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Commentary: Singaporeans plan our whole lives, so why not our deaths?

Planning our end-of-life care can help our loved ones deal with difficult decisions and cope during a period of grief, yet Singaporeans don’t seem to do this, says palliative care expert Associate Professor Lalit Krishna.

Commentary: Singaporeans plan our whole lives, so why not our deaths?

An electronic patient chart is shown on the wall to a hospital room. (Photo: REUTERS/Mike Blake)

SINGAPORE: We often ask ourselves what makes our existence meaningful and do our utmost to live our lives to the fullest, achieve the goals we set out for ourselves, and plan to contribute to society. Yet, many of us hesitate to plan for the end of our lives.

Perhaps it doesn’t occur to us. Perhaps we put it off because it isn’t a pleasant exercise. But in doing so, we do a disservice to our loved ones, who have to take on the burden of figuring out what to do when we are incapacitated – for many, because of a gradual deterioration with disease and illness.

Advanced Care Plans (ACPs) are often described as an effective means of ensuring that care determinations continue to be met in a manner in keeping with a person’s goals of care when he loses the capacity to make those determinations.

In practice, an ACP often serves a number of functions. Probably best known is its function as an instrument to ensure a patient’s voice continues to be heard on matters pertaining to his medical needs.

This includes the selection of treatment options, place of care and death, and determination of the extent of healthcare to be applied when patients themselves are unable to participate in these decisions or are incapable of representing themselves.

Patients waiting to see the doctor at a clinic in Singapore. (File photo: TODAY)

In truth, this function of the ACP belies a much greater objective of capturing a patient’s general goals, values, beliefs and aspirations that could form a reliable template that informs families and healthcare professionals of what the patient would have wanted when confronted by unforeseen situations along his care journey.


Indeed, a further purpose of an ACP is to offer support and guidance for families and caregivers, who frequently expect to and are often tasked with caring for patients. It is perhaps this aspect of the ACP that requires trumpeting, as taboos about talking about death and dying continue to pervade local practice and inhibit wider use of ACPs.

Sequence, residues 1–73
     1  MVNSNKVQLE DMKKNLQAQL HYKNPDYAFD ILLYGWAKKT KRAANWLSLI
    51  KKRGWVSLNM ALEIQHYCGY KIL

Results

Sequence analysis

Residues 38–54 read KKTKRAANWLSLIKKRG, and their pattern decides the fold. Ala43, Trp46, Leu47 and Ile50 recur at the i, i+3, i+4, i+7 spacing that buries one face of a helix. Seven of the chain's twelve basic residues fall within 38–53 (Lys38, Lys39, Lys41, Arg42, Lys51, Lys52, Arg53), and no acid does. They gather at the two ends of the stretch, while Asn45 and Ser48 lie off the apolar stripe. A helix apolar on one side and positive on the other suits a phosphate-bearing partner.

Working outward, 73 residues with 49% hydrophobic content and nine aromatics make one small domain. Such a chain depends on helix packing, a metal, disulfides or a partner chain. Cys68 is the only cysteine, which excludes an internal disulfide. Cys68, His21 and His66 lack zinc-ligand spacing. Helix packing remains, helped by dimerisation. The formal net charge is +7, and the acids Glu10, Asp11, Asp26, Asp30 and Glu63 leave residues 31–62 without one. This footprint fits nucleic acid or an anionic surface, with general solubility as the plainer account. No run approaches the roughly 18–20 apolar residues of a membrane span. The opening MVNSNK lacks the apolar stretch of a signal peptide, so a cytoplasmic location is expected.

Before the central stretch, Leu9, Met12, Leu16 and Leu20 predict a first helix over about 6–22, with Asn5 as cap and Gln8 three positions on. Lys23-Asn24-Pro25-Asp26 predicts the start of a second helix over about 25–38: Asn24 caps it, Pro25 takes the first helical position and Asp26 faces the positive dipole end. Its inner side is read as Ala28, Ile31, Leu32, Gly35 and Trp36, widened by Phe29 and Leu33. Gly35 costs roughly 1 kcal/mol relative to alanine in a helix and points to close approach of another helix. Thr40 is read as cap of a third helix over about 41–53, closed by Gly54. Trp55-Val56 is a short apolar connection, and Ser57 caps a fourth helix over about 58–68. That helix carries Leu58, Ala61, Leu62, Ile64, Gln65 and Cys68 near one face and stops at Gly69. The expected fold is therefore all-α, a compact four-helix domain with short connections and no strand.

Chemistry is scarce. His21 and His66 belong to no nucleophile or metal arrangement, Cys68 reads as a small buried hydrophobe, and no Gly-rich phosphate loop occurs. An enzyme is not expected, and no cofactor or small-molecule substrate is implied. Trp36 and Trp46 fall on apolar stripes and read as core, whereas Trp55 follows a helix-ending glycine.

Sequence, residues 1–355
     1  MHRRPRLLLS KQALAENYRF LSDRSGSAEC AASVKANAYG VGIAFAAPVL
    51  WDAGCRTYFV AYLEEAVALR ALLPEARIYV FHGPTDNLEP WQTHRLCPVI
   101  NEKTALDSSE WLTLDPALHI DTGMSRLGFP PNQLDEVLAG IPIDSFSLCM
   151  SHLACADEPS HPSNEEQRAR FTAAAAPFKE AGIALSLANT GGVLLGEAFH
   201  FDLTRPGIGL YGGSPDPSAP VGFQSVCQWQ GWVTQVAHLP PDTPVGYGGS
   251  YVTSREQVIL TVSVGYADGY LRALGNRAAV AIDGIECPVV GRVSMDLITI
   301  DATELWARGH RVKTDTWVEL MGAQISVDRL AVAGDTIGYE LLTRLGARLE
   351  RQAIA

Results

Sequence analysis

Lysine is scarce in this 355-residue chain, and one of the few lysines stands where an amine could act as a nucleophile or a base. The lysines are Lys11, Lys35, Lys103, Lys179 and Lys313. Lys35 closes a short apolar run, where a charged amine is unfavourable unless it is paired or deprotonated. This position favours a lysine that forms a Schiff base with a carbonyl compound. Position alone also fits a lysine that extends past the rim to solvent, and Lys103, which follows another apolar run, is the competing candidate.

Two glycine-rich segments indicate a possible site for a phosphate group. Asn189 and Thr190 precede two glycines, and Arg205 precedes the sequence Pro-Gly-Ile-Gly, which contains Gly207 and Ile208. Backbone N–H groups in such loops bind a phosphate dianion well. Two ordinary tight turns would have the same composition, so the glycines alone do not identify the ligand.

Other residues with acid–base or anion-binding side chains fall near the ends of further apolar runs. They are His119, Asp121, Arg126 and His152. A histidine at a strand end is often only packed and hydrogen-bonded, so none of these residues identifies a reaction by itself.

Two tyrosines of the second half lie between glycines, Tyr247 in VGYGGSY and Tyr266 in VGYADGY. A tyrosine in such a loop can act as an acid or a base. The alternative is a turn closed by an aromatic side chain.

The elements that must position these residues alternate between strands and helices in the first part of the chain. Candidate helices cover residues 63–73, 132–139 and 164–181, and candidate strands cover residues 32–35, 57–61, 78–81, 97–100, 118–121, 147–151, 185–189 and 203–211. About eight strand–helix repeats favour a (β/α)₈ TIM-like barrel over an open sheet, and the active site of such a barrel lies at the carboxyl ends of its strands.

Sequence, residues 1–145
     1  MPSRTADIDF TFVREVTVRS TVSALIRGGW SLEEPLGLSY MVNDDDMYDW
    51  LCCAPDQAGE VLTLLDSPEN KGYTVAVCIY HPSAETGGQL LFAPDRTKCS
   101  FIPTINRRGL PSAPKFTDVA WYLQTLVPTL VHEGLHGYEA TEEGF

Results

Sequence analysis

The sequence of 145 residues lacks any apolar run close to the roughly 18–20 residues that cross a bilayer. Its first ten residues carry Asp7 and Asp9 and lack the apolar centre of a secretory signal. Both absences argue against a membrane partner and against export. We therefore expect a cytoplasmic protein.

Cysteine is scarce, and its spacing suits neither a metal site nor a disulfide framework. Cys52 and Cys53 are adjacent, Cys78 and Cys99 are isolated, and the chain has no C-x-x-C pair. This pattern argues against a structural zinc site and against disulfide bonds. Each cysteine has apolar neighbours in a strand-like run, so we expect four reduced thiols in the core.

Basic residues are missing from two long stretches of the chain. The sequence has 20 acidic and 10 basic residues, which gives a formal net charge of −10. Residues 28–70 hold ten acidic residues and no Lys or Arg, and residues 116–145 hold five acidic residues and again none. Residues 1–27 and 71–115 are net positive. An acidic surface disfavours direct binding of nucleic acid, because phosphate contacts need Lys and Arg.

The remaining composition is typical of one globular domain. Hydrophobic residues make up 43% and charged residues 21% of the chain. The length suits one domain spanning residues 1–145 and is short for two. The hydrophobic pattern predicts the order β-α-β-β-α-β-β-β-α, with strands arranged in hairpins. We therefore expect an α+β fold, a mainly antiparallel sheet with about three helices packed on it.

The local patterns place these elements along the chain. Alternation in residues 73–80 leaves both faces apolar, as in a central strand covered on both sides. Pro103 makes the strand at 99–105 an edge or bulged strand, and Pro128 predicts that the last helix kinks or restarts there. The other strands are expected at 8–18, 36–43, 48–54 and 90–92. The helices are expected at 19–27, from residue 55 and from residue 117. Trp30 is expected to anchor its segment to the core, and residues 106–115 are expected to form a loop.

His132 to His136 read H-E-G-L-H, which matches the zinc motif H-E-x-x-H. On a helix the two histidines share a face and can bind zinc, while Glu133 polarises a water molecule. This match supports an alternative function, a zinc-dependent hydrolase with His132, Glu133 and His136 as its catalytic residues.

Consider the case of a patient in Singapore – James, his family and his uncle Eric.

James and his family were alarmed when they were called and asked to come down to the hospital as his uncle, Eric, had been admitted in a critical condition.

This distress mounted as James was told that the doctors would like his input on serious decisions regarding his uncle’s care.

Eric had been away from his family for the past five years working on various projects around the region. Eric only made infrequent and brief visits home, and even then had made little contact with James and his family.

On visiting Eric, James, his siblings and his mum - Eric’s only sibling and closest relative - were told that Eric was seriously ill with kidney failure and a chest infection requiring both ventilator and dialysis support.

Their distress about this news was lessened somewhat when they were told that Eric had already prepared an ACP not long after he had been diagnosed with kidney failure and diabetes, following a heart attack the month before.

In his ACP, Eric had made clear his preferred place of care and death. Based on his own values, beliefs and goals of care and his understanding of his condition, Eric had also recently made an advance statement on what he would like or would not like to happen in the event of his deterioration, including an advance decision to refuse treatment.

For example, Eric was clear that he did not wish to be ventilated for longer than a few days, if there was no real improvement in his condition, or if the doctors felt that he would not likely recover his ability to care for himself independently.

Eric also stipulated that he did not want to be resuscitated or have his life prolonged in any manner.

Nurse at work at Ng Teng Fong General Hospital. (Photo: Ng Teng Fong General Hospital/ Facebook) A nurse at work in the Ng Teng Fong General Hospital on opening day, Tuesday (Jun 30). (Photo: Ng Teng Fong General Hospital's Facebook page)